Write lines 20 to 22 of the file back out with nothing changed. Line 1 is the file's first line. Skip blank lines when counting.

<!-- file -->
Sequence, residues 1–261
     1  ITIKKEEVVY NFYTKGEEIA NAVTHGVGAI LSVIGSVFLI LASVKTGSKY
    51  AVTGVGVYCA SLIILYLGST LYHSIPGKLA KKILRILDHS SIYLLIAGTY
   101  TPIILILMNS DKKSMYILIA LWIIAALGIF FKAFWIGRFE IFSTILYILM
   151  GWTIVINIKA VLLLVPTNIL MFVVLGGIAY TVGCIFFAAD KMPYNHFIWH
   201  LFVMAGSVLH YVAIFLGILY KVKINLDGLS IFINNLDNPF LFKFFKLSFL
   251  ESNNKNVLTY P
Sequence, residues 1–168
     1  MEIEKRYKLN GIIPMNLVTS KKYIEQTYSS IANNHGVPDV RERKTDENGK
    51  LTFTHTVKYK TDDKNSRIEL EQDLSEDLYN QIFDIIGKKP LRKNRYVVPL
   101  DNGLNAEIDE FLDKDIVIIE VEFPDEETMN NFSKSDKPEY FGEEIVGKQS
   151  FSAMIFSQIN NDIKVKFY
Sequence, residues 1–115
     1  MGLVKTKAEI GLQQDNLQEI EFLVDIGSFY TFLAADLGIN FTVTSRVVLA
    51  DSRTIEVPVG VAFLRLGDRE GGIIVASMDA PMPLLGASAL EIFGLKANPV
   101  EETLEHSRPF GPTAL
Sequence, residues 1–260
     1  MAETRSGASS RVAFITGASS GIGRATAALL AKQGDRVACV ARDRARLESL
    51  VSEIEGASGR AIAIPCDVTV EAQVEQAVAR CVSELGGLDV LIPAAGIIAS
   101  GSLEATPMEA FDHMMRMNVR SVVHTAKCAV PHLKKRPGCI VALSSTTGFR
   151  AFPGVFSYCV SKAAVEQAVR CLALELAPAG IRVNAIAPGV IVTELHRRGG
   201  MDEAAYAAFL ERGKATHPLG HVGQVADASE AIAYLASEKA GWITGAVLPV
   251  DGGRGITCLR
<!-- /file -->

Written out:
   101  GSLEATPMEA FDHMMRMNVR SVVHTAKCAV PHLKKRPGCI VALSSTTGFR
   151  AFPGVFSYCV SKAAVEQAVR CLALELAPAG IRVNAIAPGV IVTELHRRGG
   201  MDEAAYAAFL ERGKATHPLG HVGQVADASE AIAYLASEKA GWITGAVLPV